10 servers. Other fencing devices include fencing at the SAN level as well as Xen VM fencing, however it is recommended that power fencing be used rather than SAN fencing as it will guarantee that the node is completely killed and not doing anything unwanted SPLIT BRAIN Split brain is a nasty problem found in clustering, and requires careful thought to prevent. Consider the following scenario: 1. A two node cluster exists one server in city A, one server in city B. 2. The internet link between the two cities falls over. Neither server can contact each other. 3. Each server assumes the other one is down, and both resume activities as the master. 4. When the link comes back online, data corruption occurs. Other nasty problems can occur if the two nodes are still able to fence each other via the outof band management system, as you may end up with each node repeatedly powering off the other node. To prevent this from happening, we have a solution called Quorum QUORUM Quorum is effectively a scoring method, where each node in the cluster has a number of votes (by default one). Each on line cluster node adds it's votes to the quorum count, and as long as the quorum count is larger than 50% of the combined votes, the cluster is intact. If the cluster falls below quorum, the cluster has lost quorum and all services will shutdown and become unavailable. This is actually a desired feature. Consider a cluster with 10 servers and to maintain quorum, a score of 6 is needed. In the event of the network suffering a failure and causing the cluster to spit into two, the smaller half will shut down and the larger half will continue on. This prevents split brain in clusters. What about situations where there are an even number of nodes, such as 10 nodes? It would be possible for the network to split into two equally sized clusters. Therefore, any cluster with an even number of nodes requires at one of the nodes to have an additional vote in the Copyright 2008 Jethro Carr Page 10/33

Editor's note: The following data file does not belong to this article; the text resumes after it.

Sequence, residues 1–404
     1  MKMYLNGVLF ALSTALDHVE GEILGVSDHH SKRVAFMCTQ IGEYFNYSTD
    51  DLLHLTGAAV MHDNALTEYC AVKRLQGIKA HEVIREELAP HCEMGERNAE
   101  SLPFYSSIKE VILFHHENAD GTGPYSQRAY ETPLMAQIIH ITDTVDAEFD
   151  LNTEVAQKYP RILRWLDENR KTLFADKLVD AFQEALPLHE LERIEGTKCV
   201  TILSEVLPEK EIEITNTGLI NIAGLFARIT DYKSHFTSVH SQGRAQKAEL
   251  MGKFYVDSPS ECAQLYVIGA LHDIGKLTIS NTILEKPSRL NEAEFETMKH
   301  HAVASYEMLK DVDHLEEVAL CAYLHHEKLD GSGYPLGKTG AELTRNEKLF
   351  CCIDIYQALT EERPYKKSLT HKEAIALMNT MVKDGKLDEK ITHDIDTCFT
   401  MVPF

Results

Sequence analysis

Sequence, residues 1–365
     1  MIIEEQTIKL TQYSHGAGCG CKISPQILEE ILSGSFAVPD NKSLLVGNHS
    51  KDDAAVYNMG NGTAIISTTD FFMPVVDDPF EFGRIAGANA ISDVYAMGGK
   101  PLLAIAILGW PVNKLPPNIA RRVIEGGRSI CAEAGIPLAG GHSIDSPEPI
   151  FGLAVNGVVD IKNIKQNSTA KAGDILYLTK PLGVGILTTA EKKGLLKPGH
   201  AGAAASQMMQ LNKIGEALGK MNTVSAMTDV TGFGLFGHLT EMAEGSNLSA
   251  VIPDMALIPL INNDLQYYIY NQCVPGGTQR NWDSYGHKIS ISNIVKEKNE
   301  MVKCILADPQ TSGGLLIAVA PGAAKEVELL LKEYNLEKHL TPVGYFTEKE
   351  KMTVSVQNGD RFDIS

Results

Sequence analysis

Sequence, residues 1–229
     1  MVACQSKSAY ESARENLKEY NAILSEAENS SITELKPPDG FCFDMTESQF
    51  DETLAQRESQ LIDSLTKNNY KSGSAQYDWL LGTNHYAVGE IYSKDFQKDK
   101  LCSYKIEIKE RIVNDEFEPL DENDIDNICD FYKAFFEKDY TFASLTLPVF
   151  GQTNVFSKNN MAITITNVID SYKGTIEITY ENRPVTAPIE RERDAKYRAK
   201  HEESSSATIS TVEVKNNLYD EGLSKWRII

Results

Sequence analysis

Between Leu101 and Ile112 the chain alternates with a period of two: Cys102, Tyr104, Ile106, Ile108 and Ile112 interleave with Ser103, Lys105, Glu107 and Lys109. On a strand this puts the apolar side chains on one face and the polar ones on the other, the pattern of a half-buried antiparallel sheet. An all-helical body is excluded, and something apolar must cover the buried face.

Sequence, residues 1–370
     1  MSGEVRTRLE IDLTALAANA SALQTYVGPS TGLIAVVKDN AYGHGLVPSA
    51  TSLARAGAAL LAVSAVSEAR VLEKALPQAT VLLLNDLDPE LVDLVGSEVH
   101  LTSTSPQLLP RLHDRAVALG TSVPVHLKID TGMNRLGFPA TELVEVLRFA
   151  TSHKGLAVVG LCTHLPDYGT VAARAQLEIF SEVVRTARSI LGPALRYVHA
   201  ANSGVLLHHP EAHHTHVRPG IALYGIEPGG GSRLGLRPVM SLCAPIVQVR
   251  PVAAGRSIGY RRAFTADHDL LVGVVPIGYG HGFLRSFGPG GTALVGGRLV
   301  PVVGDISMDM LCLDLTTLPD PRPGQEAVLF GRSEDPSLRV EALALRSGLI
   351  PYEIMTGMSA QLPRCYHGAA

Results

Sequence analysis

11 quorum to unbalance the quorum voting. Effectively, quorum allows you to make an even cluster, uneven when it comes to failovers, so that split brain will not occur. But what happens when you only have a two node cluster? A failure of either node would cause the cluster to lose quorum, as both machines have equal votes. In this case, you need a tie breaker vote to determine the master. There are two ways this can be done: 1. If using a SAN/NAS, the central storage device can be used to provide the tie breaker vote by using a custom filesystem called a quorum disk. 2. Setup a heuristics test. This can be any program (typically something like ping) that can provide another vote if the program completes successfully. In a two node cluster, the most likely candidate would be to ping the network gateway, or a remote switch1 switch2 host1 host2 host3 host4 host5 host6 Votes = 4 host1 4 form an active cluster Votes = 2 hosts5 6 get fenced by the others Copyright 2008 Jethro Carr Page 11/33